Thanks for stopping by. Posted for citysonnet.
Thanks for stopping by. Posted for citysonnet.
There is a little corner in our bedroom that I have recently claimed as my ‘me spot’…. a corner of the couch, next to a window. Times are different and difficult and being at home is all that we do. When I get a wee bit of time, usually when the kids are taking their afternoon nap and the good man is busy with his office work, I sit there with the book I happen to be reading ( ‘Snow’ by Pamuk, at the moment) and my gaze drifts outside occasionally. Sometimes it does so to try to visualize the sights ‘ Ka’ sees in the story and sometimes I gaze to try to fathom what’s going on with our bruised world. I fail.
Spring is here and, what would otherwise be a cheery time with kids running and neighbors hanging around for a quick chat, is eerily silent. Even the birds are quiet. Quieter. Have they taken notice of how the world is hurting? I wonder.
Cars don’t leave their parking spots. There is no movement. Only delivery trucks keep making their rounds, rushing to drop off the essentials people can’t seem to stop buying. I don’t blame them (not the hoarders though). There seems to be no end in sight, an end to the fear that has slowly crept deep into people’s souls. It is palpable and rising with each passing day. Are those in charge taking notice? I hope so.
I have stopped following the news. It isn’t helping. My motherland is in total lockdown and in a country with 1.3 billion people, that is anything but feasible. Yet it is happening. While it is extremely essential for a national lockdown since the virus, if it spread, would wreck havoc of un fathomable proportions from which the country would probably never recover, it is also not ideal. Not without a well thought out plan, at least. Or any plan. The lockdown has rendered hundreds and thousands of migrant workers in a state of limbo. With no work and no place to stay, they are returning to their native villages and towns. Many by foot. National lockdown means no transportation in many places. Buses are being provided in some cases but the ratio of number of people needing help to the actual help in place, is massively disproportionate. Add to that, the lack of or absence of food and water. The poor must suffer… always. And then there are celebrities who post videos of washing dishes… how hard it must be for them.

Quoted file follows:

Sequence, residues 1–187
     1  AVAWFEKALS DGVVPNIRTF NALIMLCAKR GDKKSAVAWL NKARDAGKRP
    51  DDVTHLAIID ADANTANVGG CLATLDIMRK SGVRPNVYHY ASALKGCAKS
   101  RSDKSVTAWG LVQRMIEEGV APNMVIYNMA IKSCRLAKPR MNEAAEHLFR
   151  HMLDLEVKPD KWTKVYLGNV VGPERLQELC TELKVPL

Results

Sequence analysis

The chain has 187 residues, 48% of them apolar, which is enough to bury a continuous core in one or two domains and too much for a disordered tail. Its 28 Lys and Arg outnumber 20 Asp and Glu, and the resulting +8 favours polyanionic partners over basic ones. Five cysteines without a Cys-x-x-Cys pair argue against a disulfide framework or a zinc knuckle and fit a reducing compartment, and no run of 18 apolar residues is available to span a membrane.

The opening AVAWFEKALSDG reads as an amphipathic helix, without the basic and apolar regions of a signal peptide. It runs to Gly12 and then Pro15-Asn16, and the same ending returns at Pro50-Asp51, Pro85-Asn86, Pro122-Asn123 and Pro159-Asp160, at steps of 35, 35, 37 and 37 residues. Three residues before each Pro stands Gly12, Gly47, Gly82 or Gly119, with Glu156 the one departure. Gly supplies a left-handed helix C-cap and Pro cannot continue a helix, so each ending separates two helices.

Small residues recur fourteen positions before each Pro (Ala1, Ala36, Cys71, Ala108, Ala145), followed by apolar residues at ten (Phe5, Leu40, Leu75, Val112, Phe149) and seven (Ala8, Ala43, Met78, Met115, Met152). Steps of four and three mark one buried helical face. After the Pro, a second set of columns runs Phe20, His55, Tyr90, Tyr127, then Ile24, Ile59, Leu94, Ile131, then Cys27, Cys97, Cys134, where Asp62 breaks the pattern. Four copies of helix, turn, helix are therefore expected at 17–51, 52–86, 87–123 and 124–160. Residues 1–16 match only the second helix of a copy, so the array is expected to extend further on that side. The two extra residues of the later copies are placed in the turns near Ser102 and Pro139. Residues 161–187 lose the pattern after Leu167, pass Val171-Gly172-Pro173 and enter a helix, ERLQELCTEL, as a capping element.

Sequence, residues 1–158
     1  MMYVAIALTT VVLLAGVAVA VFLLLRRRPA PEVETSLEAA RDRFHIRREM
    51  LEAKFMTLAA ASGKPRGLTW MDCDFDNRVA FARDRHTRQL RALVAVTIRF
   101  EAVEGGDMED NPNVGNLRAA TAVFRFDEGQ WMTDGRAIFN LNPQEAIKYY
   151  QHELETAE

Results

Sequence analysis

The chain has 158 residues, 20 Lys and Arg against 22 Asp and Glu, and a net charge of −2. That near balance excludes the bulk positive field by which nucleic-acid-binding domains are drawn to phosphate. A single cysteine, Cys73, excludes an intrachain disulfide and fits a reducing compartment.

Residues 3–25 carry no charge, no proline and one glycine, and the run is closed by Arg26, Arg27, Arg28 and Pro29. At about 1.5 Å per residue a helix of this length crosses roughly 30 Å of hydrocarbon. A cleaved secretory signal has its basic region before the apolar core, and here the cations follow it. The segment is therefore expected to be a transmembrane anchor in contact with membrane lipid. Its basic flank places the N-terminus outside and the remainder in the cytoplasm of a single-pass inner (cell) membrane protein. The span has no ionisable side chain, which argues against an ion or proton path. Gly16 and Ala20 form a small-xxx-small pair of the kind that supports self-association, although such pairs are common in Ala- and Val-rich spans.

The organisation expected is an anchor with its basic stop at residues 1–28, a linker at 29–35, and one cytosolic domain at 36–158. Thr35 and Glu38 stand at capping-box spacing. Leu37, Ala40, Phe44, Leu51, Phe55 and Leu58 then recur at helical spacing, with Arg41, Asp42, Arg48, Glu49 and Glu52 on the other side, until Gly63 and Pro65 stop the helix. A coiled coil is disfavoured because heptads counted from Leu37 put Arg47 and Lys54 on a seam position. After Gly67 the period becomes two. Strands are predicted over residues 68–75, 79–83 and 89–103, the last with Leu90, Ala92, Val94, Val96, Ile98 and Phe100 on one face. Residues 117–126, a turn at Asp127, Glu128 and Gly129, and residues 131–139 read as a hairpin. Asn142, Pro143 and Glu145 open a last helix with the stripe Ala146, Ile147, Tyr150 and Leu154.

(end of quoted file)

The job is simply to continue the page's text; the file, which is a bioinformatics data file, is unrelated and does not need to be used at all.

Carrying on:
I am living my life almost exactly the way I used to before this crisis. It is a privilege and I recognize that. Yes, I don’t go out to the mall, my job hunting has taken a step back and my eyebrows could use some salon care. And yes, I am always thinking about, and when need be acting on, how to keep the fridge and pantry well stocked so that my kids remain well nourished. I have the privilege of cooking sumptuous lunch and dinner, baking cakes, reading books and taking photos. I am beyond grateful. My husband’s work is letting him work from home and there has been no change, yet, in the benefits we receive like medical insurance. I am hoping it stays so but with the hit the economy is going to have to bear, it should not be a surprise if those benefits change. Provided he still has a job once this is all over. But we will cross that bridge when and if we come to that. One step at a time. Meanwhile our popcorns and movie nights, family games, music time and being goofy together continues and the semblance of sanity prevails. Memories in March have been bittersweet.
The world is hurting and there is more to come. Uncertainty looms large. Careless acts of some people continue to put others in danger. Petty fights break out over trivial matters as emotions run high. And yet, the good shines through. Those in the frontline continue to fight for one and all.